• DavidEmerson's Avatar

    DavidEmerson asked a questionMultiple Myeloma

    What can a cancer coach do for me?

    • fastdog's Avatar
      fastdog

      If I played basketball, I'd want a coach. If I played baseball, I'd want a coach. I've never heard of a cancer coach, and would be very leery. I only skimmed the URL you sent. I've heard of a "life coach" and have always wondered if this is a snake-oil salesman kind of thing. I can live my life, do I need a coach to do it? Nope. I have cancer, do I need a coach for that? I have an oncologist, nurses, a surgeon, friends and family and various online support groups. Since there is so much information and support available in places like What Next site fort free, I guess my question would be, why look elsewhere, what advantage, is this service? Is there a fee? If there is a charge, I would run the other way, as fast as I could.

      over 3 years ago
    • Clyde's Avatar
      Clyde

      I didn't realize cancer was a competitive sport. If that is the case, I want to join the chess club.

      over 3 years ago
    • Clyde's Avatar
      Clyde

      I'm going to offer another response that is less facetious. A cancer coach, sound to me like nothing more than a private shrink. Someone to speak too about your fears, your treatments etc. Why not just check with your center for what mental health they offer? Almost every center I know of has some sort of consultation service. It will probably be covered by your insurance (the coach won't), will be in contact with your Drs on a friendly basis (chances your coach won't) and could be a much easier way to the goal you are seeking.

      A coach will certainly have more of a financial stake in you following their orders than the center will, so I would look there first.

      over 3 years ago
  • DavidEmerson's Avatar

    DavidEmerson posted an update

    Do any cancer survivors feel like they have chemobrain? If so, what symptoms do you experience? What can you do about it?

    http://peoplebeatingcancer.org/blog-entry/my-chemobrain-doesnt-feel-microscopic-me-chemotherapy-associated-microscopic-changes-brai

    David Emerson
    PeopleBeatingCancer.org

  • DavidEmerson's Avatar
  • DavidEmerson's Avatar

    DavidEmerson shared an experience

    Other Care (exercise, nutrition, supplementation, hyperthermia ): Multiple myeloma is an incurable cancer meaning survivors always relapse. Always. Knowing this, when I achieved complete remission 4/99, I decided to work hard to stay in remission as long as possible.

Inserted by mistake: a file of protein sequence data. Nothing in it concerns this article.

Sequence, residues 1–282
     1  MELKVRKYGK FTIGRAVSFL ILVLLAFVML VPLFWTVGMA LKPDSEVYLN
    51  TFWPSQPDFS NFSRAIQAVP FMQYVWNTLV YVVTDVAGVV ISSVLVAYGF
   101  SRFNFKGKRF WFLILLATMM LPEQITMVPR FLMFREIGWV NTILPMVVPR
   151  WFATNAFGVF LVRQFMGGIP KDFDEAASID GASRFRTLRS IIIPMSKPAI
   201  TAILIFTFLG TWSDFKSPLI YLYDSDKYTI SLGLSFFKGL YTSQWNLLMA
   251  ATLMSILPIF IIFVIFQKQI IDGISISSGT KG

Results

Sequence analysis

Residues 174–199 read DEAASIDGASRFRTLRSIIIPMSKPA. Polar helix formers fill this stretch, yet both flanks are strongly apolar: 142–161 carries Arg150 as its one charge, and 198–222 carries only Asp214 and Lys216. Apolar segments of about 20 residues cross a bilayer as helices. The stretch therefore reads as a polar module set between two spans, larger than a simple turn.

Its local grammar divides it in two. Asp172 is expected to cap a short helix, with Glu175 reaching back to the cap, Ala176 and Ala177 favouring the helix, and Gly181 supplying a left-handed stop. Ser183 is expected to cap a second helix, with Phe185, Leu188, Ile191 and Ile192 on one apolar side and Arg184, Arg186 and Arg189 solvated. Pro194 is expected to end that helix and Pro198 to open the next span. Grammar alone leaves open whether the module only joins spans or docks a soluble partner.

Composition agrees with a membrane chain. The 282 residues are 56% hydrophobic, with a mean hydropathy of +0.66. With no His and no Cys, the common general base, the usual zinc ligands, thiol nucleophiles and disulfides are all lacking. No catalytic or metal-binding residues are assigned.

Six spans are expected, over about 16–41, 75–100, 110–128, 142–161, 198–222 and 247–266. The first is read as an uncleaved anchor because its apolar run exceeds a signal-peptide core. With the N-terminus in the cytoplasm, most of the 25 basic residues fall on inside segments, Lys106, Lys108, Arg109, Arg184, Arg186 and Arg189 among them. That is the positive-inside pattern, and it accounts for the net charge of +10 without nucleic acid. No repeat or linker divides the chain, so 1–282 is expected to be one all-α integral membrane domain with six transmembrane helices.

I exercise, supplement, eat organic fruit and veggies (mostly) and detox (hyperthermia) in an effort to stay cancer free. As of today, 2/1/12 I have been cancer free since 4/99.

  • DavidEmerson's Avatar

    DavidEmerson shared an experience

    Decision Point: An appointment with my oncologist on September 27th 1997 became a turning point for me. My onc told me that "nothing more can be done for you..." In fact, I had undergone aggressive conventional therapies and from my onc's point of view, I had relapsed repeatedly and there really was nothing more that conventional oncology could offer.

    I decide to take responsibility for my health and begin learning about what other cancer therapies were out there and what might help me.

    I chose to have an appointment at the Burzynski Research Institute (BRI) in Houston Tx in 11/97 and began antineoplaston therapy (ANP) on 11/3/97.

    I achieved complete remission by 4/99 and have been cancer free ever since.

    http://peoplebeatingcancer.org/about-david

    1 Comment
    • Gma's Avatar
      Gma

      That is great to hear. God Bless you.

      about 4 years ago
  • DavidEmerson's Avatar

    DavidEmerson shared an experience

    Radiation (External radiation ): I underwent local radiation to my neck soon after my diagnosis 2/94 and again upon my second relapse in 10/96. The second local radiation to my iliac crest resulted in sterility and lumbo-sacral plexopathy or nerve damage.